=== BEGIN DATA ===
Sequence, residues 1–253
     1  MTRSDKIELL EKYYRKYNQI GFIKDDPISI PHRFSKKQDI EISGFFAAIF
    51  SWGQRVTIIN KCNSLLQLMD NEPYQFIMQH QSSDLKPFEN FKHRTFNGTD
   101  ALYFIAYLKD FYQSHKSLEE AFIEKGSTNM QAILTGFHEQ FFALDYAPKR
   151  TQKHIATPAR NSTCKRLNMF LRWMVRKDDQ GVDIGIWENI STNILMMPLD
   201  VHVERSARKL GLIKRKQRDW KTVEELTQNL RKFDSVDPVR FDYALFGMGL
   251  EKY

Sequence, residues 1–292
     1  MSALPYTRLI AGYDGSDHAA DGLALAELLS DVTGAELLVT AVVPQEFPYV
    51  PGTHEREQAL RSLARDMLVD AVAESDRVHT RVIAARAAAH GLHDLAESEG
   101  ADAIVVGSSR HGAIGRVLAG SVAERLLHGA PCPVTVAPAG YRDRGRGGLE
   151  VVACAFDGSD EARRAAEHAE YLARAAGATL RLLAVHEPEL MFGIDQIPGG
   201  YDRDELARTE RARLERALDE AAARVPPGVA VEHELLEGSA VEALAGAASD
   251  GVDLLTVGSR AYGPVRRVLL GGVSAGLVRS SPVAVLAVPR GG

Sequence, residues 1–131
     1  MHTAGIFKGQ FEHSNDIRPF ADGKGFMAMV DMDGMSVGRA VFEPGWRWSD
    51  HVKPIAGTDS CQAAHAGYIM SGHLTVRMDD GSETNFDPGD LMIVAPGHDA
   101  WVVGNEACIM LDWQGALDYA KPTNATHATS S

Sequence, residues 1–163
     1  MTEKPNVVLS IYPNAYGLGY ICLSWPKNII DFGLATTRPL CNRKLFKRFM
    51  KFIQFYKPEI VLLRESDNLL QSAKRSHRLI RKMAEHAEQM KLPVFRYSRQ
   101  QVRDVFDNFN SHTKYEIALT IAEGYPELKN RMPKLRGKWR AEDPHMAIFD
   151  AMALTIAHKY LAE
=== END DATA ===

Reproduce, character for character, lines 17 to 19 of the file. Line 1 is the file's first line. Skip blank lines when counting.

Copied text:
    51  HVKPIAGTDS CQAAHAGYIM SGHLTVRMDD GSETNFDPGD LMIVAPGHDA
   101  WVVGNEACIM LDWQGALDYA KPTNATHATS S

Sequence, residues 1–163